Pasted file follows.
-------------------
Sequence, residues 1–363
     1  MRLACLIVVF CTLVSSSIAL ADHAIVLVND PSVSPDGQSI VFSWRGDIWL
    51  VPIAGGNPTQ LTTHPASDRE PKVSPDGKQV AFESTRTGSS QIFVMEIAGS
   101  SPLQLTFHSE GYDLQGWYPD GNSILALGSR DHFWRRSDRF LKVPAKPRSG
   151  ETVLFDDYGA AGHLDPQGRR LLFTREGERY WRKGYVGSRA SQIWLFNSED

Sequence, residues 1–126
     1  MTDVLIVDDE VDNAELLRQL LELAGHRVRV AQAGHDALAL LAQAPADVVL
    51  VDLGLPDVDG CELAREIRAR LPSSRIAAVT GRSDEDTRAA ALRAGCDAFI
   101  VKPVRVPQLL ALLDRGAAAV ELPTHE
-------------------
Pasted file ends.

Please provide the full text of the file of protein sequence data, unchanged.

Sequence, residues 1–363
     1  MRLACLIVVF CTLVSSSIAL ADHAIVLVND PSVSPDGQSI VFSWRGDIWL
    51  VPIAGGNPTQ LTTHPASDRE PKVSPDGKQV AFESTRTGSS QIFVMEIAGS
   101  SPLQLTFHSE GYDLQGWYPD GNSILALGSR DHFWRRSDRF LKVPAKPRSG
   151  ETVLFDDYGA AGHLDPQGRR LLFTREGERY WRKGYVGSRA SQIWLFNSED

Sequence, residues 1–126
     1  MTDVLIVDDE VDNAELLRQL LELAGHRVRV AQAGHDALAL LAQAPADVVL
    51  VDLGLPDVDG CELAREIRAR LPSSRIAAVT GRSDEDTRAA ALRAGCDAFI
   101  VKPVRVPQLL ALLDRGAAAV ELPTHE